The Quebec-based Groupe de recherche sur l'extrême droite et ses allié-e-s is calling on the federal government to deny Geller entry into Canada for December 18 speaking engagement
An American blogger described as “the world’s top Islamophobe,” has been invited to speak in Toronto.
Pamela Geller, co-founder of Stop the Islamization of America (SIOA), is scheduled to appear at a speaking engagement organized by the Jewish Defence League (JDL) at Canada Christian College on December 18.
The JDL, which has come under increasing scrutiny from its own supporters in the Jewish community over its alignment with neo-Nazi and anti-immigrant groups at anti-Muslim rallies in Toronto and around the GTA in recent months, is promising a barnburner. A promotion for the event on the group’s website says the evening will include excerpts from the documentary Can’t We Talk About This? The Islamic Jihad Against Free Speech, which features interviews with far right Dutch politician Geert Wilders, who has also written the forward to Geller’s new book, “and many other heroes of freedom.”
Online promo for Jewish Defence League event slated for Canada Christian College December 18.
Geller’s speech will be followed by a one-on-one interview with Rebel Commander Ezra Levant of Rebel Media, “the only truthful media outlet daring to talk about radical Jihad and radical Islam,” according to the JDL promo. An exclusive “meet Pamela” dinner is also being organized the day before the Canada Christian College event. Tickets for the dinner are being sold at $180 a pop.
The Quebec-based Groupe de recherche sur l’extrême droite et ses allié-e-s (GREDA), is calling on the federal government to deny Geller entry into Canada, describing her in an open letter to Prime Minister Justin Trudeau, Immigration Minister Ahmed Hussen and Public Safety Minister Ralph Goodale as an “Islamophobe propagandist.”
The open letter notes the fact that Geller was prevented from entering the UK in 2013 by then Home Secretary Theresa May, “on the grounds that your presence here is not conducive to the public good,” according to a letter from May to Geller that Geller later published on her blog. Geller was planning to attend a march of the far-right English Defence League. The British government’s decision was supported by the Board of Deputies of British Jews.
The U.S.-based Southern Poverty Law Center describes Geller as “the anti-Muslim movement’s most visible and flamboyant figurehead.” The group traces Geller’s radicalization to her involvement in Stop The Madrassa, an effort led by anti-Muslim activists to block the opening of a secular public Arabic-English school in Brooklyn in 2007.
Geller’s incendiary anti-Muslim pronouncements (too many to list here) have drawn the praise of racist websites, including the white nationalist, white supremacist and neo-Nazi internet forum Stormfront.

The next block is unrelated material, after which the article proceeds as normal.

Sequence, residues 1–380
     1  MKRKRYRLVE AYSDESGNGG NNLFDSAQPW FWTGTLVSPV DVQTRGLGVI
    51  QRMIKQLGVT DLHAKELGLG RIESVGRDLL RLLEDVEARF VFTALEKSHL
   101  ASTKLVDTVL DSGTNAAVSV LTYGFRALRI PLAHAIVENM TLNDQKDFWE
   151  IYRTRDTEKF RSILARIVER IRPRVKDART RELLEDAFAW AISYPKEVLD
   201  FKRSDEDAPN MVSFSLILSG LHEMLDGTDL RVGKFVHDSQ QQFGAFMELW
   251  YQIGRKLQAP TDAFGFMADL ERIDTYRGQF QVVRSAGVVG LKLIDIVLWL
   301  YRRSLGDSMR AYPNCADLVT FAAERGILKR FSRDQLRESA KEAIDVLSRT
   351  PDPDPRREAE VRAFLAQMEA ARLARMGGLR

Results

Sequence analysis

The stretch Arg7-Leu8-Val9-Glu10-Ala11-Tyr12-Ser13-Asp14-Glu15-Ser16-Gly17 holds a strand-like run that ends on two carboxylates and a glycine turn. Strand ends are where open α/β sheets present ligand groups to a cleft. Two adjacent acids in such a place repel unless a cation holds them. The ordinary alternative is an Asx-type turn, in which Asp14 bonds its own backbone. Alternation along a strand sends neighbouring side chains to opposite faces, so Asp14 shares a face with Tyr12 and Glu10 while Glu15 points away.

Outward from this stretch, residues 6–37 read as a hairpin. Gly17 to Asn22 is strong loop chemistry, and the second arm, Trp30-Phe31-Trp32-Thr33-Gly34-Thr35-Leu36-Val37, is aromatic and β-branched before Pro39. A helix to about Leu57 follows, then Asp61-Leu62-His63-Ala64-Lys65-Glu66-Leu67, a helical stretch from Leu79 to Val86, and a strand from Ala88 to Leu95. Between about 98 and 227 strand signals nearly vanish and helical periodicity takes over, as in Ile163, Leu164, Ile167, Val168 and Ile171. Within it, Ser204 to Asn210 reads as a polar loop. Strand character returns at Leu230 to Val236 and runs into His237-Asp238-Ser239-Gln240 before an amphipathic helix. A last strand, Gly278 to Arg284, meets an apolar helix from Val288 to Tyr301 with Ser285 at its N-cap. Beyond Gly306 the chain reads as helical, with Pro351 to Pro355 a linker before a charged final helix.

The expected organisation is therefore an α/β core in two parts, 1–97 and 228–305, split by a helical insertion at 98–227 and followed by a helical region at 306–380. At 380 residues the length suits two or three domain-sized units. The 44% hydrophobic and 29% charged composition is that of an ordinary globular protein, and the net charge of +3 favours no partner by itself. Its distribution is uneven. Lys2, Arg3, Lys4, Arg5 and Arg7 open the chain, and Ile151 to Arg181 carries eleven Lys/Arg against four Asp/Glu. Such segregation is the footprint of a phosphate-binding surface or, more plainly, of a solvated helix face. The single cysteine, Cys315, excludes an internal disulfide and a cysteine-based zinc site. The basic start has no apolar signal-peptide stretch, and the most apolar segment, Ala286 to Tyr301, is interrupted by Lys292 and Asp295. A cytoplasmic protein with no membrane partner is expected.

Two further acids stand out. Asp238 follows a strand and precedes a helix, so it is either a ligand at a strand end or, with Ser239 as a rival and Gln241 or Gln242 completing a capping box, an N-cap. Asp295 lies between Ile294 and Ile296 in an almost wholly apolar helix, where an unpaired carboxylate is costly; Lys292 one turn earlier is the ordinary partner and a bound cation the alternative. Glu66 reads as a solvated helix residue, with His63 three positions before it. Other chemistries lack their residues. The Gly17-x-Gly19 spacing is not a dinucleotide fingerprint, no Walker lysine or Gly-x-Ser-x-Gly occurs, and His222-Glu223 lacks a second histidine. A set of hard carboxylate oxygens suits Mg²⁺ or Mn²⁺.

But Geller’s most controversial claim to fame is the fact she is among the anti-Muslim activists admired and cited by Norwegian terrorist Anders Breivik in the manifesto he posted online hours before killing 77 people, mostly teenagers, at a left-wing youth camp in August 2011.
Bus advertising campaign in U.S. sponsored by American Freedom Defense Initiative, of which Geller is president.
Mainstream Jewish organizations have also distanced themselves from Geller over her anti-Muslim rhetoric. The Anti-Defamation League wrote in a blog on its website in 2015 that Geller’s anti-immigrant and anti-refugee rhetoric “not only contradicts the Jewish-American values which she claims to defend but also violates basic human decency.”
Geller is no stranger to controversy in Canada. During debate around the federal government’s anti-Islamophobia Motion M-103 earlier this year, Geller charged that the motion, which has since been passed, “would enact anti-Islamic blasphemy laws in Canada.” And charged that Trudeau “has diabolically employed psychological warfare tactics created by the Muslim Brotherhood [to] smear the whole Canadian population with the lie they are Islamophobic.”
Geller was also invited by JDL to speak in Canada in 2013 at Chabad Flamingo synagogue in Thornhill. The synagogue’s spiritual leader, Rabbi Mendel Kaplan, supported the invitation. The event, however, had to be moved to the Toronto Zionist Centre after York Regional Police’s hate crimes unit expressed its concerns to Kaplan about Geller’s views being “in conflict with the force’s long-held position of inclusivity.” (Kaplan is a volunteer chaplain for the force.) The Toronto Board of Rabbis also issued a statement condemning JDL’s invitation to Geller calling her anti-Muslim views “distasteful.”
Growing anti-Muslim sentiment in Canada has given rise to odd alliances between the ultra-Zionist Jewish Defence League and white nationalist groups like Soldiers of Odin.
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